Repurpose a 2016 MacBook Pro

I’m looking for help on repurposing my 2016 MacBook Pro, something that doesn’t need to use the battery or keyboard much. The battery lasts about 40 minutes and the keyboard has lots of near dead keys (butterfly keyboard). This is a 8Gb,1Tb, Intel machine which has and does give great performance even today. But for obvious reasons I have moved to something more modern.

My first thought was make it a web server for me to use as my test machine for my web development. Does this seem like a good use, if not why? If yes do you know of a source of directions for setting it up? It would be connected via ethernet, and located in a safe room in the basement.

After I transferred everything to my new machine, I then reinstalled Monterey but should I maybe install a version of linux instead? What version of linux would you recommend?
If I stay with Monterey should I create a new Apple ID for it or use my current ID already being used on 3 other machines?

Do you have other ideas for its use, tell me about them?

I have many other questions but these are the big ones and everyones opinion is of interest to me, including the opinion of just letting Apple recycle it.


I have a 2010 MacMini 4,1 that I run headless (no monitor) with Debian Linux (an OS I am very familiar with). This provides Homebridge (for controlling “smart home” things via HomeKit that are not HomeKit compatible), Plex (for watching my DVD collection on the AppleTV), and providing AirPrint services for an old HP LaserJet 3030 printer. It has been a nice way to get some additional services with a machine I already own. Sure, I could do the same things with some Raspberry Pi’s, but my Pi’s are already busy doing other things!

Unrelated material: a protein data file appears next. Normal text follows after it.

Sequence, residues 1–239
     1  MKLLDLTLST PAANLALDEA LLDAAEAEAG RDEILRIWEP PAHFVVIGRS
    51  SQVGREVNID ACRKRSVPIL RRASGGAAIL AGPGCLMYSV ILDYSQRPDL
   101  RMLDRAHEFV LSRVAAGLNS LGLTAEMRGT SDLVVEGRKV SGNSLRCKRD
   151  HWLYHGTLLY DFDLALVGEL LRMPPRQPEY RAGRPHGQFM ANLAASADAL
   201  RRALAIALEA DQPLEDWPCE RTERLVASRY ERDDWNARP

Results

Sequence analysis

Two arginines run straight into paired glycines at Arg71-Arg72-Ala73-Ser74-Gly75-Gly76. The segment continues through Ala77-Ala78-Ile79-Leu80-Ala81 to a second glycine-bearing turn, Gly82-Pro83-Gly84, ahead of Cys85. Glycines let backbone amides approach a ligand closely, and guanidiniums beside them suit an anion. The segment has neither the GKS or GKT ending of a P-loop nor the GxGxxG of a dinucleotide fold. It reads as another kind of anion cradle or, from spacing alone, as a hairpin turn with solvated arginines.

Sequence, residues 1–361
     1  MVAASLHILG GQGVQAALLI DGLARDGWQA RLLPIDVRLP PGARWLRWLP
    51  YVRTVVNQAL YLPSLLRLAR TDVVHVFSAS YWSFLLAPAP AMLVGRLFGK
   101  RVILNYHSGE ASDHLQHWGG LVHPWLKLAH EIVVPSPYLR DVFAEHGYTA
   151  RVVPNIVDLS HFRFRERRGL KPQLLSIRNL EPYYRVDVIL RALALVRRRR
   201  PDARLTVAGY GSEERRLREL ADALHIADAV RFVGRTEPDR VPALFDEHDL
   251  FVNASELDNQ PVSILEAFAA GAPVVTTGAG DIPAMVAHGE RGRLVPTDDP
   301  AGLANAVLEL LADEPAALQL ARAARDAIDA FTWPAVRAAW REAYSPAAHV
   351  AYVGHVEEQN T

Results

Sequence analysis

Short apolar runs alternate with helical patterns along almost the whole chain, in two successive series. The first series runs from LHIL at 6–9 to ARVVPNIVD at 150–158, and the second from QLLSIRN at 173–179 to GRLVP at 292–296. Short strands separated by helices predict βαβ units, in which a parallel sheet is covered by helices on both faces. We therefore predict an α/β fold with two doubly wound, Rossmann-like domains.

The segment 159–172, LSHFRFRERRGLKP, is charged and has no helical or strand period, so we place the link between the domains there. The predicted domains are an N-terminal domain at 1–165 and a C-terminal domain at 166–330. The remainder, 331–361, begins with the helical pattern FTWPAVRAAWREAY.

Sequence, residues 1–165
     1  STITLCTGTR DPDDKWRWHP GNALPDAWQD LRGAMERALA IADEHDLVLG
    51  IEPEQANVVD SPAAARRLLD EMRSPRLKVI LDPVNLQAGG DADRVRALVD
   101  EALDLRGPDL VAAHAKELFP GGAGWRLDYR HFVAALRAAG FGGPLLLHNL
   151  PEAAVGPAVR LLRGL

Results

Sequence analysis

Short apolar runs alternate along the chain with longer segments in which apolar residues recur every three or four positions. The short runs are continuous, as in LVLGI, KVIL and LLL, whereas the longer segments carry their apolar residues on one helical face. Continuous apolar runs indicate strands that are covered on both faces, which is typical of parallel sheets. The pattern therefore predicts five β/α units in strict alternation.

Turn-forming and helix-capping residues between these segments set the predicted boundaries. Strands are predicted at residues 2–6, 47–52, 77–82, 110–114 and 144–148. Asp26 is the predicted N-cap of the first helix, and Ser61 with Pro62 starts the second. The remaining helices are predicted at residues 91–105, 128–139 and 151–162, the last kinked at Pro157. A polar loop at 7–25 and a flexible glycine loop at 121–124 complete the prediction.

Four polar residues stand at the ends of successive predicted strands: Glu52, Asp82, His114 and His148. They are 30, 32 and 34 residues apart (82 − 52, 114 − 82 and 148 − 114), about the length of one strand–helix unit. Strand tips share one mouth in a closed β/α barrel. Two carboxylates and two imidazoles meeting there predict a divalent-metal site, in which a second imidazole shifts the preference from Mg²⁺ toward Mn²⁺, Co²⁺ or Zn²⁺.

1 Like

You could set it up as a media server and a web server if you want. I set my late 2013 iMac up as the former. You could get by using only Apple’s built in streaming capabilities, but I elected to supplement that with Rogue Amoeba’s excellent utility AirFoil.

Every version of macOS for years has shipped with the Apache web server built in. Enabling it varies a bit by OS, but here are the instructions for every version since Snow Leopard:

I’m in a similar boat as I have a 2016 MacBook Pro that’s soon to be obsolete, but it’s in perfectly fine shape and is still usable. I’m probably going to just keep Monterey on it and try to use it a while longer.

1 Like

This is an interesting problem to have. Most laptop computers are in pretty bad shape once about 4-5 years pass. Apple MacBooks (especially the Pros) seem to be the “energizer bunny” of laptops - they just keep going and going and going.

Either that or us Mac users take really, really good care of our kit.

I use an old Mac mini as a media server, backup,server, and archive file server. I have 24tb of storage attached.

I had an old MacBook Pro, but it was run over by a train. It was a sad loss since the machine was in good working condition. However, I was able to replace it with a new system.

My iPhone is an issue. My last one was accidentally thrown over the side of a boat. But darn it, they’re now waterproof, so I’m still stuck with my old one.

I hate it when that happens.

I am detecting a trend here. ;-)


There’s Chrome OS Flex, when Monterey is no longer viable.

I have used a couple of obsolete Macs for specific pro software that got stuck in time. The ironic thing about using an old Mac, is that one aspect is great… no software update, no changes, no maintenance, no time spent configuring. It’s just set in stone and does what it does. On one of them I run a piece of imaging software from the 90s, which requires MacOS9 via Classic and which despite its ‘ancientness’, still runs faster than Photoshop today.

As for using an old Mac for other purposes, I’ve run an old Mini, set to a daily startup/shutdown routine, in a safe in the basement for family media + Time Machine + work archives/backups. (Reassuring to have backups under lock and key). We’ve also used an old Mac/Air attached to a tv and used as an actual tv, controlled via Remote Desktop, for over a decade.

Portables are good for this sort of thing, compared to Minis, because you don’t get stuck, in case of problems, without a monitor and otherwise you just close the lid and leave it to do its thing.